Peter Tabichi, a school teacher from rural Kenya and Franciscan brother, was awarded one million dollars and the Global Teacher Prize, beating 10,000 nominations from 179 countries.
Peter Tabichi, aged 36, is a Franscian Friar and science teacher at Keriko Mixed Day Secondary School in Pwani Village, Nakuru, a remote part of Kenya’s Rift Valley. Brother Tabichi says the school has “challenges with a lack of facilities,” there aren’t enough teachers or books and classrooms are overcrowded. The school doesn’t have a library or laboratory, and many students walk over four miles on dangerous roads to get there.
Tabichi said he’s determined to give his students a chance to learn about science and broaden their horizons. He donates 80% of salary to help the poorest students, and travels to cyber-cafes to download resources for his lessons as their sole computer at the government run school has shoddy Internet access.
At the school, Tabichi started a “talent nurturing club” where students design research projects that have qualified for international competitions, even winning an award from the U.K. Royal Society of Chemistry for a project involving plant-based electricity generation. In the three years since, enrollment has doubled to nearly 400 students and girl’s achievement has risen dramatically.
Beating out 10,000 other nominations from 179 countries, Tabichi’s “exceptional commitment” and selfless work was recognized with the Global Teacher Award, crowning him the world’s best teacher. In a ceremony hosted by actor Hugh Jackman at the Atlantis Hotel in Dubai, Tabichi received the award and a one million dollar prize. Accepting the award, he said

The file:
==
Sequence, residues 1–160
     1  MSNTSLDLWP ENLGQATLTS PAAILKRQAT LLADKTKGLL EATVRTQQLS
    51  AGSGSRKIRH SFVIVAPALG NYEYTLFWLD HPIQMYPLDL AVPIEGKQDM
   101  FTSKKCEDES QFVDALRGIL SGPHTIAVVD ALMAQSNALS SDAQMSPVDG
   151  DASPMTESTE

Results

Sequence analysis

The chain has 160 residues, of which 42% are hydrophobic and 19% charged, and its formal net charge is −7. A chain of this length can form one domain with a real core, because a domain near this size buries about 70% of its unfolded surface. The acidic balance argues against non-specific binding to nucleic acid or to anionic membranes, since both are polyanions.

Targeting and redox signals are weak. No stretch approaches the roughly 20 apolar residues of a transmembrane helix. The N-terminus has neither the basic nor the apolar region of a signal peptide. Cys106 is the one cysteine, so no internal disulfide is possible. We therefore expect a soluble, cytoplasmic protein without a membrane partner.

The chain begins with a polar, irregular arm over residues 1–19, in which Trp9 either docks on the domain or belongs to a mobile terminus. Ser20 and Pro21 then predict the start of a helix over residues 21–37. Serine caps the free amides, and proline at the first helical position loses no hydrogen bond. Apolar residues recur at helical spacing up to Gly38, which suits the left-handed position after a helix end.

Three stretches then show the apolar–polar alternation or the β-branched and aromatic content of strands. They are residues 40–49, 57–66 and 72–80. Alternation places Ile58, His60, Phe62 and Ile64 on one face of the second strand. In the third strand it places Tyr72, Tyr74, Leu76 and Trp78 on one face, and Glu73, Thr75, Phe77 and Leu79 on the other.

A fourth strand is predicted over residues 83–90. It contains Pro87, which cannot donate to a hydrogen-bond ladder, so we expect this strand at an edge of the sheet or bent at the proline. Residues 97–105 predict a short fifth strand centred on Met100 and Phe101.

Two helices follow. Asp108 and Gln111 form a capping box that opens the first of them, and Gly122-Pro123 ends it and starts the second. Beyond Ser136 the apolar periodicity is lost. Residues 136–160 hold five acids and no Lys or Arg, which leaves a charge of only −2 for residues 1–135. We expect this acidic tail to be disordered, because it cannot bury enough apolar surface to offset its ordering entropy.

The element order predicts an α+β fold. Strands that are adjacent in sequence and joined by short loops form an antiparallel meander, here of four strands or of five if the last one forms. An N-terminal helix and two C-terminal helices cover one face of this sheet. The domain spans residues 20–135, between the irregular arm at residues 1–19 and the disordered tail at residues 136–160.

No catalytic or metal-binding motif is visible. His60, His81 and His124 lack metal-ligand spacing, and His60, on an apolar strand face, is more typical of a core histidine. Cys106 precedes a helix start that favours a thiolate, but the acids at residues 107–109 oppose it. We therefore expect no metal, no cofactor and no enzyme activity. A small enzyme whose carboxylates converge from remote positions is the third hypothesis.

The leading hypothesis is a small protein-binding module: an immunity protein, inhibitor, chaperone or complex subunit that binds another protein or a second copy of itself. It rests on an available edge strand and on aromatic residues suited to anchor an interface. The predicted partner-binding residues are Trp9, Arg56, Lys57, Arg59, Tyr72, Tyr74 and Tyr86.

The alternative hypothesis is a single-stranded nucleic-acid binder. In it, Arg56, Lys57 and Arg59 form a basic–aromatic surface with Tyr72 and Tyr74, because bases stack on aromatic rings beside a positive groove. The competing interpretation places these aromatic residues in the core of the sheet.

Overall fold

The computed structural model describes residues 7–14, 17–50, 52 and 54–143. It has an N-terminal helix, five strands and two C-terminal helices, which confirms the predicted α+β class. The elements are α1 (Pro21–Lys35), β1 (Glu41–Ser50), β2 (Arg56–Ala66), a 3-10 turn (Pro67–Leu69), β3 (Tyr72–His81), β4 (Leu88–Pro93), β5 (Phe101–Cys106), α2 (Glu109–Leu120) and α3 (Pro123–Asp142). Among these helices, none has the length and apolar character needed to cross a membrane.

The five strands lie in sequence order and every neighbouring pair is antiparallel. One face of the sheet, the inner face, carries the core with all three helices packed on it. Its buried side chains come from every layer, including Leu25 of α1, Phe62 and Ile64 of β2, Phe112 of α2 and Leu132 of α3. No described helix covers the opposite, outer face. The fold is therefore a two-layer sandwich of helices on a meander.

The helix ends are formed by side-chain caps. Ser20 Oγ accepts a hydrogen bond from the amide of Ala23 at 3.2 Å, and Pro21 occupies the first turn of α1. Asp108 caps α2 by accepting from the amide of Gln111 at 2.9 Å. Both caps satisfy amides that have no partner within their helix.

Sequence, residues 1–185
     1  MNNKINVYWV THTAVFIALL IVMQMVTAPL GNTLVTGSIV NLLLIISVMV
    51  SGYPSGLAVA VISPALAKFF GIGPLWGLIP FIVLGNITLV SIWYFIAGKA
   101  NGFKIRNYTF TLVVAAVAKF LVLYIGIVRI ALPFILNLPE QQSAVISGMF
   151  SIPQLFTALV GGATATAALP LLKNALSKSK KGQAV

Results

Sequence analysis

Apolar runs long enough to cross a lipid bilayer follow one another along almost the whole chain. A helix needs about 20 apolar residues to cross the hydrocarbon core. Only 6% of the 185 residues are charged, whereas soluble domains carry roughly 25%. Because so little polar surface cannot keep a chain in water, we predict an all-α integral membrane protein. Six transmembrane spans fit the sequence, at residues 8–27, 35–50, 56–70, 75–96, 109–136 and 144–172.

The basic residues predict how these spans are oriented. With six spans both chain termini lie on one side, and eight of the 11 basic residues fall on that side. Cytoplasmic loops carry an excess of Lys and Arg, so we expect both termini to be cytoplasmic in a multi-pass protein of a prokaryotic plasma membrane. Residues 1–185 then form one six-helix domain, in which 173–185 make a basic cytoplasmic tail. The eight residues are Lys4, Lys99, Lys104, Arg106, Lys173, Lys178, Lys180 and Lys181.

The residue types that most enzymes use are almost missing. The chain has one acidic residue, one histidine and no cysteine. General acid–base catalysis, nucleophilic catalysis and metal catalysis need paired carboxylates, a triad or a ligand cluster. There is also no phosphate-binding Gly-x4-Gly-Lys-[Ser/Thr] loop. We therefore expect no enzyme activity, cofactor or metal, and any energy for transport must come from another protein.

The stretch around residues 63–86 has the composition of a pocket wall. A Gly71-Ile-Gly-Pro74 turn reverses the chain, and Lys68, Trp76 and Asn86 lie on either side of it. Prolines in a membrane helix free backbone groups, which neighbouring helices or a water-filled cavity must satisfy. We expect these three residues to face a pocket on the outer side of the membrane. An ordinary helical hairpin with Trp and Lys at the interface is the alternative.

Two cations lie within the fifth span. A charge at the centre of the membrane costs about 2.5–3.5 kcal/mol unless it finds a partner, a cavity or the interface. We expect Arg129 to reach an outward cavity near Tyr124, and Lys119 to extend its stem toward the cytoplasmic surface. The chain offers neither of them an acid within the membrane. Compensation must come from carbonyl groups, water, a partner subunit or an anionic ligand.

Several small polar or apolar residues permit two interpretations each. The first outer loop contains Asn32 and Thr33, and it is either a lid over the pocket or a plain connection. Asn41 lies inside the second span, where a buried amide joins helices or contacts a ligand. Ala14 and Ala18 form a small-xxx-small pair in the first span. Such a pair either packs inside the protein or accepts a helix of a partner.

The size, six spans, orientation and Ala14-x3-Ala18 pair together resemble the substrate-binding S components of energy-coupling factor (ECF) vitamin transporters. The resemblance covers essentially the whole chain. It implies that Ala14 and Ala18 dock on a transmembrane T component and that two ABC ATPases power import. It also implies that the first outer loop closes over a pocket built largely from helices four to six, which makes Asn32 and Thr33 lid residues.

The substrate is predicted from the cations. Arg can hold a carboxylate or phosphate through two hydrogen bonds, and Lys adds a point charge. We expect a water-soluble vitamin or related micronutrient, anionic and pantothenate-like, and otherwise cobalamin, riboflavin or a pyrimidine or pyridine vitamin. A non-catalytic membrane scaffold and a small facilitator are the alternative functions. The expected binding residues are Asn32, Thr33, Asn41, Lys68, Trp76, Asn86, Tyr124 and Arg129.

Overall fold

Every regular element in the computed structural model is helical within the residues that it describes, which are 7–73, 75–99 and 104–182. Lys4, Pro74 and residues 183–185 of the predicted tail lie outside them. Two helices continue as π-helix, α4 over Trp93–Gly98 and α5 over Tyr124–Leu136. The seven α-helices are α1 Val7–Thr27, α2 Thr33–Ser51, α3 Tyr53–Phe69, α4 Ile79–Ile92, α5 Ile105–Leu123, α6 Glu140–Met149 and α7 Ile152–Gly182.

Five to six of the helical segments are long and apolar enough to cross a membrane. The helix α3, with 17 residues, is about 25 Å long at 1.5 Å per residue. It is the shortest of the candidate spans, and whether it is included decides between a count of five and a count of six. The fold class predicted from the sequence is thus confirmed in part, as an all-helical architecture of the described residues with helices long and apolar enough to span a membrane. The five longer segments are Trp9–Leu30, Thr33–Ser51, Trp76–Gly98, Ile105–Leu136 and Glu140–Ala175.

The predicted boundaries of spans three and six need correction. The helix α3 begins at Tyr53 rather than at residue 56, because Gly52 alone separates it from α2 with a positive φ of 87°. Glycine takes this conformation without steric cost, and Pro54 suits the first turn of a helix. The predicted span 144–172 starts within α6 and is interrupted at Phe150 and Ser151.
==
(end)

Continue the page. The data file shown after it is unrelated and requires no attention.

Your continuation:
“I feel great. I can’t believe it. I feel so happy to be among the best teachers in the world, being the best in the world. I am only here because of what my students have achieved. This prize gives them a chance. It tells the world that they can do anything.”
Tabichi plans to use the prize money to improve the conditions at his school and feed the poor.
“Africa’s young people will no longer be held back by low expectations. Africa will produce scientists, engineers, entrepreneurs whose names will be one day famous in every corner of the world. And girls will be a huge part of this story.”
In a video message, Kenyan president Uhuru Kenyatta recognized Tabichi’s achievement:
“Peter, your story is the story of Africa, a young continent bursting with talent. Your students have shown that they can compete amongst the best in the world in science, technology and all fields of human endeavour.”
Tabichi ended his acceptance speech saying Africa’s youth will no longer be held back by low expectations.
“I believe science and technology can play a leading role in unlocking Africa’s potential. It’s morning in Africa. The skies are clear. This is Africa’s time.”